But no top Adidas executives and only one head coach — Rick Pitino, who was fired by Louisville for an accumulation of delinquent behavior — have lost their jobs.
Far from having a chilling effect on college basketball, the scandal has devolved into an upside-down case in which the victims, at least in the eyes of the court, have been the universities and a group of elite coaches whom the prosecution has shielded, rather than exposed.
The latest example came quietly on Friday when Edgardo Ramos, the United States District Court judge who will preside over the bribery trial, granted a prosecution motion that will allow two head coaches, Sean Miller of Arizona and Will Wade of Louisiana State, whose conversations with Dawkins were wiretapped, to avoid taking the witness stand.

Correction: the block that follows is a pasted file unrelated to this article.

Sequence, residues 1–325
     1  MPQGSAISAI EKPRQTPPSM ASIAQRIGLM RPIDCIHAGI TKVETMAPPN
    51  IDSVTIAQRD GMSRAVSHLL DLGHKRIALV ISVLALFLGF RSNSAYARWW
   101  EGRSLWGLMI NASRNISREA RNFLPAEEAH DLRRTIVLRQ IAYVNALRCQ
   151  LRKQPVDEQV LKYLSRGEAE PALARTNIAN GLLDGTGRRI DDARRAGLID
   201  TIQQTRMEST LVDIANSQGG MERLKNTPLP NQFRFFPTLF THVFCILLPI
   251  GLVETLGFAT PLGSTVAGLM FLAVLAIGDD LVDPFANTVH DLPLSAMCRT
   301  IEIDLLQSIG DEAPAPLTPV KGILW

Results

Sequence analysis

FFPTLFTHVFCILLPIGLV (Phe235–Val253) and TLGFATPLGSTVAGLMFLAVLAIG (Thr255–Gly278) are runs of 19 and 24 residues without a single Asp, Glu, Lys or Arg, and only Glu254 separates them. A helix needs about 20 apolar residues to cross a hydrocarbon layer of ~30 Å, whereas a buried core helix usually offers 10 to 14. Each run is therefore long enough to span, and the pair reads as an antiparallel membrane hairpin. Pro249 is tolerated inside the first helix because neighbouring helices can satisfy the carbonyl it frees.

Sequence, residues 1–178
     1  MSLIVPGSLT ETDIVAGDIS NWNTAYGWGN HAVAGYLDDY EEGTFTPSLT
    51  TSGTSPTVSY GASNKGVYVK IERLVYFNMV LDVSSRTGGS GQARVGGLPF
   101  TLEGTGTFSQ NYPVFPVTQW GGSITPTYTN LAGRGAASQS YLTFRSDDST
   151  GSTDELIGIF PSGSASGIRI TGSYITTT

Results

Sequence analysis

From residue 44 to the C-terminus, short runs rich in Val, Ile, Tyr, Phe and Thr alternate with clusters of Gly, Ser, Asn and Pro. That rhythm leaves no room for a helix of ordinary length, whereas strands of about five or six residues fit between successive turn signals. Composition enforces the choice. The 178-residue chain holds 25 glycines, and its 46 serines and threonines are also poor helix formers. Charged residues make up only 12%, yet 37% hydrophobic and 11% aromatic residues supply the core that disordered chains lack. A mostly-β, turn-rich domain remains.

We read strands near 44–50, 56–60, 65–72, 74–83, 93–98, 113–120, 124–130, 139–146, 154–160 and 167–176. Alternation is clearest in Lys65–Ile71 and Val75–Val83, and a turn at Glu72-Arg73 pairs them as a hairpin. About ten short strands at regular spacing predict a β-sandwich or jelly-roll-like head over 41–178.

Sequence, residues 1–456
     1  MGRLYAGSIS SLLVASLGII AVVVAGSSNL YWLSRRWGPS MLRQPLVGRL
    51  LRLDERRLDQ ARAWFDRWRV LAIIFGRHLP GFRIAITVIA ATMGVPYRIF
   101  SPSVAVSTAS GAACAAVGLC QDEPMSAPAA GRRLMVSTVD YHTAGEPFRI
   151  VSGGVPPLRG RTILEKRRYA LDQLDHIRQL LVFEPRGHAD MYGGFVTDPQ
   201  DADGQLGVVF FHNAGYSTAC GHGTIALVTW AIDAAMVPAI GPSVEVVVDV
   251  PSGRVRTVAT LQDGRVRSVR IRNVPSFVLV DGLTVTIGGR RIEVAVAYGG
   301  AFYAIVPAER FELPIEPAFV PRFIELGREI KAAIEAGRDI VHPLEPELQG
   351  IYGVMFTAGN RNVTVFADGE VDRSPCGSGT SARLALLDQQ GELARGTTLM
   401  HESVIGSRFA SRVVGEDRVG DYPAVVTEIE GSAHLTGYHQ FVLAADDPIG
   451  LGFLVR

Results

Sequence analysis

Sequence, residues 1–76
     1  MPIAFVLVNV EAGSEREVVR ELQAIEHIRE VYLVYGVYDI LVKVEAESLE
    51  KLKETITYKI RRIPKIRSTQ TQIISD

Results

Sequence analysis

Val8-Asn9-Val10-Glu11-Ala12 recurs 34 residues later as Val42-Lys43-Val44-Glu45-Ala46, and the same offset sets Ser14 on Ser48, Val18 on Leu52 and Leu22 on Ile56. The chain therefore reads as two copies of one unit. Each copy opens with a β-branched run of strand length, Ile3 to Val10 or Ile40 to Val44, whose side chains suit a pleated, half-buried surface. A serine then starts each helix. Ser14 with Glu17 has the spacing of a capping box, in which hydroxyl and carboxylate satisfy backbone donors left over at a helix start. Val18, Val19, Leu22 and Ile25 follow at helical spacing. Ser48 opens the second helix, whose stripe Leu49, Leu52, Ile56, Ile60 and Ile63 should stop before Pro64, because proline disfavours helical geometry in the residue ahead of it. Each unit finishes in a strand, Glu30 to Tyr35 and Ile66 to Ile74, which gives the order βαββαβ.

In asking Ramos to set aside the government’s motion, Steve Haney, a lawyer for Dawkins, said that the evidence “establishes very clearly that Sean Miller is paying players at Arizona,” and that there is “systematic cheating” taking place at L.S.U. and Arizona. Eli Mark, an assistant United States attorney, argued that putting Miller and Wade on the witness stand “opens the door to other extraneous issues.”
Ramos said he would revisit the issue if the evidence presented during the trial compelled him to do so.
But the ruling was a blow to Haney, himself a former college basketball player, who promised last month at Dawkins’s sentencing “to pull back the covers” on college basketball corruption and put a long list of coaches on the witness stand in this trial. “As many as I can get into the courtroom,” he said.
As Haney stood outside the courthouse on Friday, he maintained that he still has a strong case. But he was baffled by the prosecutors’ decision to go after ambitious but small-time operators like Dawkins and not head coaches or executives, saying that the evidence — which prosecutors have shared — was there to charge them.